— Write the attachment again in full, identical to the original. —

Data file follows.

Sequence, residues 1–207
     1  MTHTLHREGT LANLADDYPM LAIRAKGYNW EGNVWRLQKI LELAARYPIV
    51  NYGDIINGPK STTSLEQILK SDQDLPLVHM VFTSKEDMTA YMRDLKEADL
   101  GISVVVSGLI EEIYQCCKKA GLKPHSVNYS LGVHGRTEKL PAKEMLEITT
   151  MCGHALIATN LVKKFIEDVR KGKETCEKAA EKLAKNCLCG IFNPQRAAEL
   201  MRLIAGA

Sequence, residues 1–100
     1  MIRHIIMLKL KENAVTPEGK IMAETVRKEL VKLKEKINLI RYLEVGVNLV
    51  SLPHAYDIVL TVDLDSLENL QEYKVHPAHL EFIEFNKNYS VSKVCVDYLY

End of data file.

Sequence, residues 1–207
     1  MTHTLHREGT LANLADDYPM LAIRAKGYNW EGNVWRLQKI LELAARYPIV
    51  NYGDIINGPK STTSLEQILK SDQDLPLVHM VFTSKEDMTA YMRDLKEADL
   101  GISVVVSGLI EEIYQCCKKA GLKPHSVNYS LGVHGRTEKL PAKEMLEITT
   151  MCGHALIATN LVKKFIEDVR KGKETCEKAA EKLAKNCLCG IFNPQRAAEL
   201  MRLIAGA

Sequence, residues 1–100
     1  MIRHIIMLKL KENAVTPEGK IMAETVRKEL VKLKEKINLI RYLEVGVNLV
    51  SLPHAYDIVL TVDLDSLENL QEYKVHPAHL EFIEFNKNYS VSKVCVDYLY